She left Canterbury College to take up her first job in national government as part of the leadership team commissioned to implement David Blunkett’s Learning Age Strategy. Pember’s appointment prompted the Guardian to wonder whether government was ‘finally taking basic skills seriously’. She was charged with developing a strategy to help 7 million adults improve their literacy and numeracy skills and establishing and leading the Adult Basic Skills Strategy Unit. The resulting Skills for Life programme went on to be one of the largest government-led social intervention schemes. Between 2001 and 2011, more than 14 million adults participated and 8 million achieved qualifications. The strategy laid the foundations for programmes being offered today and established in statute the right of adults to an entitlement to free literacy and numeracy provision. The legacy continues with over 500,000 people participating annually.

In 2004, Pember was charged with conducting a government review of apprenticeships. The review made a number of groundbreaking recommendations, including the proposal that new apprenticeships should be available to learners from age 14 and include adults. It made a persuasive case for increased investment in apprenticeships and proved a springboard for the rapid expansion in the provision of apprenticeships. The agenda still being pursuing in Whitehall over a decade later.

For over 13 years, Pember worked in government on behalf of the FE and skills sector. As well as making evidence-led recommendations, championing reform and providing insight to politicians and other senior civil servants who, in most cases, lacked direct classroom and sector experience, she worked through a period of tremendous organisational turbulence within Whitehall. This saw numerous changes in departmental names and responsibilities, from the Department for Education and Employment to the now expired Department for Business, Innovation and Skills, and regular changes in senior personnel. Over her time in office, she worked directly with more than ten FE and skills ministers and eight secretaries of state.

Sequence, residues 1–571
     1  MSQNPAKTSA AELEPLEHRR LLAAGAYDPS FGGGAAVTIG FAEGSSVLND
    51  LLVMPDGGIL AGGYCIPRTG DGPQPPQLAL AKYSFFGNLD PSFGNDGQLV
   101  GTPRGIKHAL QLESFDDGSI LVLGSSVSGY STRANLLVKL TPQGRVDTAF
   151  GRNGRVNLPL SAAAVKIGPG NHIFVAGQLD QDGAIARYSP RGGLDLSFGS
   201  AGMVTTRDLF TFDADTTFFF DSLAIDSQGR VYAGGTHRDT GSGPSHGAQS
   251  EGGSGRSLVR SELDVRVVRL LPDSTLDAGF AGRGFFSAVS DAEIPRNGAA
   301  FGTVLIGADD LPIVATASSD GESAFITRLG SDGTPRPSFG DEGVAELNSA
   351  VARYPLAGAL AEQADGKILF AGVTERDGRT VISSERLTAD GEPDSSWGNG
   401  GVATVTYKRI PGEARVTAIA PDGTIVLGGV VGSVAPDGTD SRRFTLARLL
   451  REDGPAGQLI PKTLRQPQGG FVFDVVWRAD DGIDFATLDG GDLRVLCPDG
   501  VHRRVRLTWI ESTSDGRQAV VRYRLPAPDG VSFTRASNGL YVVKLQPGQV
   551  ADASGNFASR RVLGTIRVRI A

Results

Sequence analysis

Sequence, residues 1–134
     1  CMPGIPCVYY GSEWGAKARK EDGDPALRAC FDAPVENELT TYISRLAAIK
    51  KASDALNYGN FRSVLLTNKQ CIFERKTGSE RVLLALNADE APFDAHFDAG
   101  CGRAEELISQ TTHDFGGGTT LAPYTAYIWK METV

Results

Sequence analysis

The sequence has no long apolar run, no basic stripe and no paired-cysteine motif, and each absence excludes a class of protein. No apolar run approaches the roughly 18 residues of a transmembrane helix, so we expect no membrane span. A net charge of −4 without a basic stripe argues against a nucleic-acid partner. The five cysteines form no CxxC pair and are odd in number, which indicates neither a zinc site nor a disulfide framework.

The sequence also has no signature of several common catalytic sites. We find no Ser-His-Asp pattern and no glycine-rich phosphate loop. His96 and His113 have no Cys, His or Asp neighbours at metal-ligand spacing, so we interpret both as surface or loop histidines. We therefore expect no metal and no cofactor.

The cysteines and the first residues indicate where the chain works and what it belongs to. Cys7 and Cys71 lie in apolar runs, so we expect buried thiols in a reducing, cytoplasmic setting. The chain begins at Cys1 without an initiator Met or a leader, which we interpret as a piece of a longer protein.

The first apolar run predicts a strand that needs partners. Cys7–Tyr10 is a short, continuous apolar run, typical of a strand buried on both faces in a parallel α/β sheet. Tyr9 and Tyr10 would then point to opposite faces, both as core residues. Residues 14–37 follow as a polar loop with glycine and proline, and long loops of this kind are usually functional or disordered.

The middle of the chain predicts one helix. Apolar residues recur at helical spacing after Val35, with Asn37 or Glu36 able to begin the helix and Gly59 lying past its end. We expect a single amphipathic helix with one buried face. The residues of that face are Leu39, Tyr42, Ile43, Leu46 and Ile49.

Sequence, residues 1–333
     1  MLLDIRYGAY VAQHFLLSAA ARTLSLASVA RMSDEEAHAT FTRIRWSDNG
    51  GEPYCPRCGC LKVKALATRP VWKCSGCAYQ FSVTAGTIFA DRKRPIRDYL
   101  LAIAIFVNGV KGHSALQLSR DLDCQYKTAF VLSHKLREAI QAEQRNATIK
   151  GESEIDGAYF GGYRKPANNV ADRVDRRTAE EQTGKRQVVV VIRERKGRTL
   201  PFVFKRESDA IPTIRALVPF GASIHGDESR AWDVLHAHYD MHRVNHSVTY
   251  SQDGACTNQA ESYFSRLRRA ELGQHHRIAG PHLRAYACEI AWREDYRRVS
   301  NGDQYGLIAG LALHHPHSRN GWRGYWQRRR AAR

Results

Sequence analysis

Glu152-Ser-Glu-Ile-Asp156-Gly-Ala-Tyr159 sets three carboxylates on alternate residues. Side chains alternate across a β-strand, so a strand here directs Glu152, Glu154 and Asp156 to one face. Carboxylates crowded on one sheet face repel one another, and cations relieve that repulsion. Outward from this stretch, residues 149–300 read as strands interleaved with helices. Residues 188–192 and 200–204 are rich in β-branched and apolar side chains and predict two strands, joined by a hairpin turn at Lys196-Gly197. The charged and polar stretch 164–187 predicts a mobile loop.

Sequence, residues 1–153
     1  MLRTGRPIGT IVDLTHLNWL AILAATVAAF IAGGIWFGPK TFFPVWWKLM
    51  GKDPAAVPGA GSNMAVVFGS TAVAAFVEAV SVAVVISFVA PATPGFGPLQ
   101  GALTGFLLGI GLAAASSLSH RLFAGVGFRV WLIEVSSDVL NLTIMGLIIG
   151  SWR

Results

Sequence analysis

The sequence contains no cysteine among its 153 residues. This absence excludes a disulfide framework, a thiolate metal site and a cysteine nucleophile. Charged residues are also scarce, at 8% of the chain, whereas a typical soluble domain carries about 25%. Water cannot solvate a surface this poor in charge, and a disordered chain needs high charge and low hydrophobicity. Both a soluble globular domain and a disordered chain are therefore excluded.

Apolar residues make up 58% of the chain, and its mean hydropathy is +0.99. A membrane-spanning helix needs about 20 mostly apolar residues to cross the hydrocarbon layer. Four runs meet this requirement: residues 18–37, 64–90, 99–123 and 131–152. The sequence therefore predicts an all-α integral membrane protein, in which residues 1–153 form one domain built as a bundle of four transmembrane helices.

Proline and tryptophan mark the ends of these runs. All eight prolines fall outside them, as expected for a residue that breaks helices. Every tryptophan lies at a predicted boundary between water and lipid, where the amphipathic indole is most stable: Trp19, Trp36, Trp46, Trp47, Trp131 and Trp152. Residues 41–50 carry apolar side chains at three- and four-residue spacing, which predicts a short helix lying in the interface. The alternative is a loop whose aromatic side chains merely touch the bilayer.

Leaving government in 2013, Pember worked as a consultant and change leader in the sector, concentrating on supporting learning organisations and government departments to improve their governance and quality processes while, at the same time, campaigning for adult learning. She also took up governance roles and became Vice-Chair of Bedfordshire University. In 2015, Pember returned to sector leadership as Director of Policy and External Relations of HOLEX, the lead professional body for adult community education and learning. In a blog post for FETL, she described revitalising adult education as ‘the new leadership challenge for the sector’. Adult and community learning providers, she wrote, are ‘our unsung heroes and, by hook or by crook, we need to create the political circumstances for them to use their skills and knowledge to educate and retrain more adults. This is the new sector leadership challenge. If we don’t speak up who will?’

Few leaders in the further education sector can boast Pember’s combination of chalkface experience and policy knowledge, gained in almost every part of the sector and at different levels of government. She remains one of its most respected and articulate advocates. Throughout her career, she has demonstrated the value of having leaders in key policy roles who know and understand the impact of policy initiatives on the ground. Through her role with HOLEX, she continues to make a case for increased investment in further education, and for adult education in particular, and for greater recognition of the sector’s key role in promoting both personal fulfilment and economic prosperity. The need for such a voice has never been more keenly felt.